39 Comments

  1. Hi Paul. Looks like a great project but just wanted to say that the lower camera angle doesn’t quite look right to me, the foreground of the bench is a bit ‘looming’, if that makes sense? A few inches higher would make a big difference I think.

    All the best,
    Scott.

  2. Just curious–Paul is obviously incredibly skilled with his ability to get everything very precise and accurate. That said, are the pieces he uses milled with power tools at all or does he mill everything down to spec by hand? The legs are perfectly square and identical in every way that I can see from my perch. Just curious if machines play any part of that? (the wood is beautiful, btw).

    1. From what I’ve seen in previous videos he does everything by hand. There are videos on how to prepare your wood. I believe they are in the technical section of videos.

      I’ve always used power tools, but now I wonder why….. it takes a bit of getting used to but there’s something special about making things by hand.

    2. David,
      Phil answered this in another thread, but I can”t find it right now.
      Paul uses machines to prepare the stock close to finished size and then planes all the surfaces by hand to finish.
      Craig

    3. I believe he uses machines to break down stock for each project bandsaw planer etc,however each piece must be finished of with hand tools .you plug everything out and out with the hand tools .you must remember Paul has a school that’s a lot of material to be hand prepped. Not practical. The only machine I have is a bandsaw .i break everything down with that put I flat face and square edge on one side and I am good to go

  3. Thanks for the very good and instructional video, I always learn something watching Paul perform his craft and am looking forward to the rest of the series.

    I usually have problems getting a decent surface out of a Spokeshave. It would be great if you could do a seperate video on that issue in the future. Is sharpening and setting it lower all there is to it, or are there other tricks of the trade Paul can show us?

  4. I appreciate that Paul demonstrates how to overcome the difficulties he has instead of editing them out. I would like to know, having seen a card scraper used near the end of the video, how Paul would do that final bit of blending in softwoods that card scrapers don’t work in. Sandpaper around a glue bottle or some other technique? Great video!

    1. Hello Peter, you can often use a freshly sharpened card scraper, try and get it off the cutting edge or otherwise use sandpaper, often just with the hand rather than around an object. We tend to only use a block or rounded object if you are trying to flatten or even out a surface, so that may be applicable here.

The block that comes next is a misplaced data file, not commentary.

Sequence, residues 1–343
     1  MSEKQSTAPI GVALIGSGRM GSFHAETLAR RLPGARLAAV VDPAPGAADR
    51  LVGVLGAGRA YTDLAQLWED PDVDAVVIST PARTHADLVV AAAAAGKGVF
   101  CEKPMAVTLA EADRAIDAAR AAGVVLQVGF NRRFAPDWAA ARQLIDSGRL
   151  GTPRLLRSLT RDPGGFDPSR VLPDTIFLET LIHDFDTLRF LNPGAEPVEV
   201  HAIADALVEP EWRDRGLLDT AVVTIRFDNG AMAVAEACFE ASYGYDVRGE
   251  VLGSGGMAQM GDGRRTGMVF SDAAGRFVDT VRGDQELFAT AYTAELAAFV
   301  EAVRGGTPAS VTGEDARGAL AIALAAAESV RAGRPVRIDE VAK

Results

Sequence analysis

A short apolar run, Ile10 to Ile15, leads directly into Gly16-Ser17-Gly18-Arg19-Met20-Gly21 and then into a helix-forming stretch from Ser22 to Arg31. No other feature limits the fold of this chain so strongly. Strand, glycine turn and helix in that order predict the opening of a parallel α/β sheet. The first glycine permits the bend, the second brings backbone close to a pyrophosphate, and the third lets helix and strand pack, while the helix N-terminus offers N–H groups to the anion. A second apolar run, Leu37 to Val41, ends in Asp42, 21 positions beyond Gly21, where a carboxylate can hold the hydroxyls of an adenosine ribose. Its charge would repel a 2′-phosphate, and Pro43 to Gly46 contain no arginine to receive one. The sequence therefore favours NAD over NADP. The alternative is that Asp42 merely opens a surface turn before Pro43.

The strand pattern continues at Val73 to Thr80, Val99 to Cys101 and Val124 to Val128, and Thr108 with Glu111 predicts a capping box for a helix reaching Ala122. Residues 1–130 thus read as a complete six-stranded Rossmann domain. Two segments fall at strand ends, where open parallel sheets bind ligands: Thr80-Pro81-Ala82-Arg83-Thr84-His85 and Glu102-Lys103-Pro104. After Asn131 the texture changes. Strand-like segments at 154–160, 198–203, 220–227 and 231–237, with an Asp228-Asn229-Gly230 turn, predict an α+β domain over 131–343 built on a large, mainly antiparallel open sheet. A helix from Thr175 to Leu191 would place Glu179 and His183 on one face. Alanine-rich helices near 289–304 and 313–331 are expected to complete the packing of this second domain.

5. How much of a gap should I have between the cap iron and the toe of my spokeshave? Mine touches. I’ve filed off all the paint on the cap iron. Then I filed the inside of the throat but I’m only left with a couple of thousands of an opening. Is this just poor quality of the new Stanley’s, should I try a Veritas or Nelson? My spokeshave is definitely NOT showing me the love, but I promise I will persevere.

    1. Hello Brian, that does sound a bit tight! Can the cap iron sit any higher? Not that is should have to. Does it tend to clog up with shavings? If you’re still stuck, contact us through the contact form including images and I will see if I can help further.

    2. Hi Brian, you could look for an old (vintage) Stanley, Record etc spokeshave, they are pretty cheap and they are generally much better than the new Stanleys (and a fraction of the cost of the Veritas or Nielson – if you have the money sitting around they are very nice in the hand). But as Adam suggested pictures might show what the problem is with your current spokeshave

      1. Philip, any suggestions on the best pattern to use for these? Since the corners are angled I am having a hard time figuring out what would work best between the shaping , dado and mortising needs.

      2. I already have sufficient sycamore for the main carcass and lid but having tried the main sawmills in Scotland and on line I also have trouble finding suitably sized sections for the legs . I would really like to follow Pual’s design faithfully as I think it is the legs that make the piece stand out. is it possible that Paul could let us know where he sourced the material for his legs.